Unlike vintage tape delay units, the Echoverb has six record heads, giving plenty of scope for creating interesting rhythmic delays.Unlike vintage tape delay units, the Echoverb has six record heads, giving plenty of scope for creating interesting rhythmic delays.Pressing in the Tone button reduced the apparent noise somewhat, as well as warming up the delay sound, but I achieved far better results by connecting the unit to the guitar amp insert points using its front-panel in and out jacks. Used this way the noise was negligible compared with the usual guitar-related noise. I achieved similarly low-noise operation when connecting the unit to a mixer, either via an insert point or via the send/return loop (if you try the latter, remember that the dry signal should be muted on the Echoverb). For unbalanced insert loops that work at line level, the insert send and return jacks on the front of the Echoverb may be a better option, although with my guitar amp this put too much gain into the loop and added unnecessary noise. I was rather hoping that the insert jacks were there to let you put a processor, such as a chorus device, inside the tape-delay feedback loop, but that appears not to be the case. Had there been such an option, I would have tried adding very shallow chorus or vibrato to emulate wow and flutter.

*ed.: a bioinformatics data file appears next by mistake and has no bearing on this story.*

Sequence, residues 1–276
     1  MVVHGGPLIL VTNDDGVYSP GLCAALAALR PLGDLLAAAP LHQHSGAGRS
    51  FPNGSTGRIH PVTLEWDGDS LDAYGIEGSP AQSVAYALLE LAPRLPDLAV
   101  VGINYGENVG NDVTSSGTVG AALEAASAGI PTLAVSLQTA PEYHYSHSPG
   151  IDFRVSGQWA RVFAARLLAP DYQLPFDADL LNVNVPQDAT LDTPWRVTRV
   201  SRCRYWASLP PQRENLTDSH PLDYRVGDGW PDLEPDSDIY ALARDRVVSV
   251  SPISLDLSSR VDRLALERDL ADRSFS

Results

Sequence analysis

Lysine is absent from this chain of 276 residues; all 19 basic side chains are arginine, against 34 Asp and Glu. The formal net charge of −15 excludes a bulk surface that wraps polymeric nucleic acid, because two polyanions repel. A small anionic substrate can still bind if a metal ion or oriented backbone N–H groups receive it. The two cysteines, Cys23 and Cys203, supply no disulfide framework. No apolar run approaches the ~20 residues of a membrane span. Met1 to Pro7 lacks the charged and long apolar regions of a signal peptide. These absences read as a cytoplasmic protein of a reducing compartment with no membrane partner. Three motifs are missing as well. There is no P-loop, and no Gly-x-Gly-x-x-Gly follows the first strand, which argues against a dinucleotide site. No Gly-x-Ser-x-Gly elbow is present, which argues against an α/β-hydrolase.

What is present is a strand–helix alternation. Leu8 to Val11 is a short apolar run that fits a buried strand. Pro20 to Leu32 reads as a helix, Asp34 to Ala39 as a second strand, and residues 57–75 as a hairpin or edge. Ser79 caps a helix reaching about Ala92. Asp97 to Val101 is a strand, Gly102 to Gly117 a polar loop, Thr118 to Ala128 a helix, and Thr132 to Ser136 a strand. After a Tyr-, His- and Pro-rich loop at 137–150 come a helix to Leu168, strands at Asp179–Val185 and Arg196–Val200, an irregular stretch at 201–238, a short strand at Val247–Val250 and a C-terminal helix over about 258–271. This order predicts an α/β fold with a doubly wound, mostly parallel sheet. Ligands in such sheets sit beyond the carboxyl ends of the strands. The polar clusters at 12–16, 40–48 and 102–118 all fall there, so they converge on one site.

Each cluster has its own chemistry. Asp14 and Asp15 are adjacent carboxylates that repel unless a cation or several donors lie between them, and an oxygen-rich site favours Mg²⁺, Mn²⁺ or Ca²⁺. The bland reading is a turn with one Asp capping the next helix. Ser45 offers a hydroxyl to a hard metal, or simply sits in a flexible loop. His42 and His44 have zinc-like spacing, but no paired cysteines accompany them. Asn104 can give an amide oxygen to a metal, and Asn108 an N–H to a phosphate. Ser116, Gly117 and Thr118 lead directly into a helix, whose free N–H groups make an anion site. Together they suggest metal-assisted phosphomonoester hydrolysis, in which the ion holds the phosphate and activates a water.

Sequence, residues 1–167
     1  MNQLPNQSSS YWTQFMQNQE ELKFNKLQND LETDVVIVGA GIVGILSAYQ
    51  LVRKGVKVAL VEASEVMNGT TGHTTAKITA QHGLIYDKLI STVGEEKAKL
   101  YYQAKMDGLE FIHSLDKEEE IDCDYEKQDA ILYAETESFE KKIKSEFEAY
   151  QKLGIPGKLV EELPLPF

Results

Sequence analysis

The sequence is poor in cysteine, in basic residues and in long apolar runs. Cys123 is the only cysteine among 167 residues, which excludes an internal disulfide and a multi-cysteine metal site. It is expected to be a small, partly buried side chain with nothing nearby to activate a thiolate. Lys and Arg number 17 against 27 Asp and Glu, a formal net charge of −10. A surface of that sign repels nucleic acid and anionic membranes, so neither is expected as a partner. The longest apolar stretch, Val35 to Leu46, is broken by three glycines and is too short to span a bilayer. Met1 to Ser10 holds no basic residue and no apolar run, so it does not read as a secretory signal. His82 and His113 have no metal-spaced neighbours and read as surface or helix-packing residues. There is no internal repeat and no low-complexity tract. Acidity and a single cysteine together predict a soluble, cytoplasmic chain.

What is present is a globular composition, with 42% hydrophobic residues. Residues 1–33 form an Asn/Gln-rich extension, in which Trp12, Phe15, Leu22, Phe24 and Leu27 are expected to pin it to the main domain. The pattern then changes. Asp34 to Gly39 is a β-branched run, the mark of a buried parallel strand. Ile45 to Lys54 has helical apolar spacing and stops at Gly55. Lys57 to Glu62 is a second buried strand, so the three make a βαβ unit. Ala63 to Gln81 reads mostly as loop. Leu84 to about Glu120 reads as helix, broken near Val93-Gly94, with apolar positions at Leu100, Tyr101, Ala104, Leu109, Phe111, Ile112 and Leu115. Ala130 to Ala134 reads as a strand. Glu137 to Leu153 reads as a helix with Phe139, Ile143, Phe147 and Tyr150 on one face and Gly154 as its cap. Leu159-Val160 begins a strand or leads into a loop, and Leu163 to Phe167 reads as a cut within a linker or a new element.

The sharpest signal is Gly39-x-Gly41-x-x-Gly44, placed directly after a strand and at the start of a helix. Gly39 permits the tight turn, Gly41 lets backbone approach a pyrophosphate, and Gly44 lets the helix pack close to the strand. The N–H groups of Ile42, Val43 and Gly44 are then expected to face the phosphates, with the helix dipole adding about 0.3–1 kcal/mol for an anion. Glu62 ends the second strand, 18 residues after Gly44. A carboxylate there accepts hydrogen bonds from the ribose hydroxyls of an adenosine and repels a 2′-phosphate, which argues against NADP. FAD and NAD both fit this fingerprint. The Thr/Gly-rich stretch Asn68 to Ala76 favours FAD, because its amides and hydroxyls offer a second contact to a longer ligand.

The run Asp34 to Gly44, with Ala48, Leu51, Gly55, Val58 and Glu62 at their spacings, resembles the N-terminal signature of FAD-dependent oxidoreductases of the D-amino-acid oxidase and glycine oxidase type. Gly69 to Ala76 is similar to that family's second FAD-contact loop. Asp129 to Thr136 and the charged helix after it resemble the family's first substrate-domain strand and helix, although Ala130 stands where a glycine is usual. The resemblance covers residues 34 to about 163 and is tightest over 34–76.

Sonically, the Echoverb behaves much as a tape delay should, with the real character coming from the way repeating echoes die away. Successive repeats lose both top and bottom end and distort in a subtle way that evokes a sense of distance — something that is particularly pleasing on guitar. I could hear little or no evidence of wow and flutter, to the extent that I actually missed it a bit. The amount of feedback that you need to dial in via the Sustain knob to get the delay to run away into oscillation varies with the choice of playback heads you have engaged, and when runaway does occur you get the classic dub effect. You're also able to change the motor speed during use, for all those familiar pitch-distortion effects.